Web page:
sand going through an hourglass
PHOTO: Jack Sharp

In today’s fast-paced business world, we constantly feel like we need to be juggling several different tasks at once just to stay afloat. Because of this, we’ve become obsessed with finding productivity hacks to help us maximize our time and get everything on our long to-do list done.

In recent years, the rapid increase in both the depth and volume of our customer data has only made those lists even longer. We now have more data than ever to grow our businesses. With all this data, the insights we have access to are unparalleled to just a few years ago.

But maybe we’re going about this the wrong way.

Instead of scrambling to frantically cover all our bases, maybe the key to success is learning how to prioritize what’s most important. Whether it’s prioritizing our time, budget, marketing efforts or even achieving life goals, there’s one productivity hack which has stood the test of time: it’s called the 80/20 principle.

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It’s All About Prioritization

The Pareto Principle (also known as the 80/20 rule) states that 80% of your results come from 20% of your efforts or input. The principle is initially credited to Italian engineer and economist Vilfredo Pareto.

Think about it this way, it’s likely that about:

  • 20% of your customers are responsible for 80% of your revenue.
  • 20% of your features experience 80% of user activity.
  • 20% of your blog posts generate 80% of your traffic.

The 80/20 rule is being leveraged by businesses to maximize their efforts by focusing on the 20% that will drive the majority of their results. Instead of improving all of your product features at once, focus on the 20% that see the most engagement from users. Instead of focusing on bringing in more leads, focus on acquiring the subsection of customers who will bring in the highest revenue.

This principle can be applied to the analytics world too. If our theory is that more businesses will go online and more people will continue to transact online, then all the tools we use to facilitate that will soon experience an explosion in analytics. Once again, only 20% of analytics will be responsible for the sorts of decisions that drive 80% of our growth. With so many different analytics platforms out there, where do we even start?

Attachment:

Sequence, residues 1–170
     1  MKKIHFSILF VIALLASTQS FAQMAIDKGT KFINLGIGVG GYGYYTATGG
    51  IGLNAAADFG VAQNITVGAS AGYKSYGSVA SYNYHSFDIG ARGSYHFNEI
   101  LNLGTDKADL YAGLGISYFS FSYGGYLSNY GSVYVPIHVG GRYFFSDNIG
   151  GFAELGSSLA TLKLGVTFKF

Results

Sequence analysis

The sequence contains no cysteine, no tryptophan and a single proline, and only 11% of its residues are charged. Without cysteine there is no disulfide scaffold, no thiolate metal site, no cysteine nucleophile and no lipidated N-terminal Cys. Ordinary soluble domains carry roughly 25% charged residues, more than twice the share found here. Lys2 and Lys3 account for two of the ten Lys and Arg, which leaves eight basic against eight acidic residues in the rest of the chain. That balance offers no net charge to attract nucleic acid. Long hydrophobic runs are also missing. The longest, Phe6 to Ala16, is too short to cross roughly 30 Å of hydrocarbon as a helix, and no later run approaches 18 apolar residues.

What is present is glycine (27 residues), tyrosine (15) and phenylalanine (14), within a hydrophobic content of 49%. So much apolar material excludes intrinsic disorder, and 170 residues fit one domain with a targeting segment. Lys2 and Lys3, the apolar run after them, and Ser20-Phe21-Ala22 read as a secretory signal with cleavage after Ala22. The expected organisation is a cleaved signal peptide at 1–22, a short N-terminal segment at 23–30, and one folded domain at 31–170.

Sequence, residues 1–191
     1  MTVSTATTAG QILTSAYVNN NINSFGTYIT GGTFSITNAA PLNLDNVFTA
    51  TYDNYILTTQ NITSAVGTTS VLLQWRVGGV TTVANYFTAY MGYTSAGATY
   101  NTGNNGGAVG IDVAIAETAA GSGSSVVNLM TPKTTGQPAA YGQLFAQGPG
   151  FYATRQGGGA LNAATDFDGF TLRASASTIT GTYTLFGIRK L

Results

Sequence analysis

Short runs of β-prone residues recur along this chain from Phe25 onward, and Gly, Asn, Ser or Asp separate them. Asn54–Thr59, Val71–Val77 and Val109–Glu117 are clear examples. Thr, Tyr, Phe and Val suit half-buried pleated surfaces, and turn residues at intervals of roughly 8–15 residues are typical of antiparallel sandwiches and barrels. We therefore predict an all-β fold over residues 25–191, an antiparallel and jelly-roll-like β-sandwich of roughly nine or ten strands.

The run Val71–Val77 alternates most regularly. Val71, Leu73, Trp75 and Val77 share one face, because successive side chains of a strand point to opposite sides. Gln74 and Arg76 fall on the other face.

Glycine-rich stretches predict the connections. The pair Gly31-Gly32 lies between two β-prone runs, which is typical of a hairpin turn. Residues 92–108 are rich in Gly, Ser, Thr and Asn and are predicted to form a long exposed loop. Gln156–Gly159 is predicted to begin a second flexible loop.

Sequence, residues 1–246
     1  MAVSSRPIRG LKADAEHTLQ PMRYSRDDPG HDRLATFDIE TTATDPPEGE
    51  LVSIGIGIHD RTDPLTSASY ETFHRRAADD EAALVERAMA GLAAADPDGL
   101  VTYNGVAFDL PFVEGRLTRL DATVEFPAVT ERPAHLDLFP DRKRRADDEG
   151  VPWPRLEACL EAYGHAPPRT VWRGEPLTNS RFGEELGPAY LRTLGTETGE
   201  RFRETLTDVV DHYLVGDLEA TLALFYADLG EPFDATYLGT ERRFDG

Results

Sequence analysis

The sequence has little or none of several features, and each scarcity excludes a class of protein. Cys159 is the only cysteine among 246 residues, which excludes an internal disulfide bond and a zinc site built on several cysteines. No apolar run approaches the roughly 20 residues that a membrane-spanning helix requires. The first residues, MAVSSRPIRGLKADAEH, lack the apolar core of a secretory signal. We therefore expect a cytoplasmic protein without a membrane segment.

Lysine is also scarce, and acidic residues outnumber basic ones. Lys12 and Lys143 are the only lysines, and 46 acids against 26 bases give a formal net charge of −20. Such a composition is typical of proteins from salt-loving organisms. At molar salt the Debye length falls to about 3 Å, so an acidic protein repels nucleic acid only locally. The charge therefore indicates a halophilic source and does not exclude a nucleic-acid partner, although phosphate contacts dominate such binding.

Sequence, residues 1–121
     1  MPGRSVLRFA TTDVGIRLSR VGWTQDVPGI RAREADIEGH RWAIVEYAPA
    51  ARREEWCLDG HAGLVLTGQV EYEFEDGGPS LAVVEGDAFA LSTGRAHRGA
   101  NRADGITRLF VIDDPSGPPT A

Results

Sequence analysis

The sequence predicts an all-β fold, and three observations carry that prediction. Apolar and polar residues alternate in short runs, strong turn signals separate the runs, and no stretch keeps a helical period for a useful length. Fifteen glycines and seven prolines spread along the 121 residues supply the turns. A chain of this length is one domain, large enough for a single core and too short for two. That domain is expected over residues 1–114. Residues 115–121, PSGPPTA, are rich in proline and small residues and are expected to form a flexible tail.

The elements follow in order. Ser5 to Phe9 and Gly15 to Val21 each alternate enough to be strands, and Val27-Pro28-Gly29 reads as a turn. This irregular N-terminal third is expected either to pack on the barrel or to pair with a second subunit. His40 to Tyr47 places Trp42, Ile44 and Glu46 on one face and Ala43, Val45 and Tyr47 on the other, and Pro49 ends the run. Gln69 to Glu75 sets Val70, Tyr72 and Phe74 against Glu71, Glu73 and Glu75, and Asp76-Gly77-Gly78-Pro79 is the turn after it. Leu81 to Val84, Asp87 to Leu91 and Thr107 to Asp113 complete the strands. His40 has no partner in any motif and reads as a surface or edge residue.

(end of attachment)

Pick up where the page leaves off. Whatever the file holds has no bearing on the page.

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Prioritization in the Age of Data Overload

In the quest to become data-driven, we’re measuring and tracking more data than ever. We’re encouraging people to make data-driven decisions and buying more and more tools to funnel in more data which we can use to base our decisions on.

The problem is, instead of helping us make better decisions, the majority of businesses are actually struggling to manage the volume, variety and velocity of the data they’re receiving.

The impact of data overload is not lost on marketing managers. In Gartner’s 2018 Marketing Analytics Survey, almost half of digital marketing leaders agreed that, “some of their most expensive and experienced analysts spend their time preparing data to be analyzed rather than analyzing the data.”

gartner: expensive, talented resoouorces are misaligned

While the business mantra was once: the more data the better, we’re now moving towards a new era where we need prioritized data-backed insights, rather than huge volumes of data to sift through. Instead of making us more agile and effective, trying to focus on everything is actually slowing down our productivity.

But it doesn’t have to be this way. Today the companies which will really succeed are those that know how to cut through the noise and prioritize the data that’s most relevant to their business.

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Prioritize Your Core Growth Metrics

The first step is to identify your company’s core growth metrics.

All businesses are tracking and reporting on the same metrics: number of users, acquisition, followers, website traffic. But which metrics actually make sense for your product or audience? Which actually tell an important story for your business? And, most importantly, which metrics are directly related to your company’s growth objectives?

This is driven by factors such as:

  • Industry.
  • Your existing tech stack.
  • Past performance and user behavior.
  • Trends in the market.

Just like most things the 80/20 principle is applied to, the analytics we consider to make decisions will also follow this rule: 20% of the analytics we have will be the most important to consider/act off in order to drive the majority (80%) growth.

For example, if you’re an ecommerce store, focusing on the number of visitors to your website won’t be as important as looking directly at your Shopify sales numbers.

Meanwhile, for affiliate marketers, increasing website visits and followers is key to gaining more partnerships.

Of course, your core growth metrics will change as your company and industry evolves. This means you need to continuously review and re-prioritize your data.

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Stop Collecting and Start Doing

If you still don’t know where to start, advances in machine learning are helping us to not only collect and clean data, but also to pinpoint the 20% of analytics that are driving 80% of your company’s growth. Autonomous analytics is already being leveraged by major companies like Deloitte and Cisco systems to accelerate business insights but new startups are now bringing this technology to a wider audience.

In the age of big data, it’s easy to get caught up in all the opportunities that analytics can bring. The truth is, no company can or should try to analyze all their data points. Instead, smart businesses are leveraging the most relevant 20% to drive real growth. The principle has stood the test of time, and even with so much changing around us, this principle probably won’t.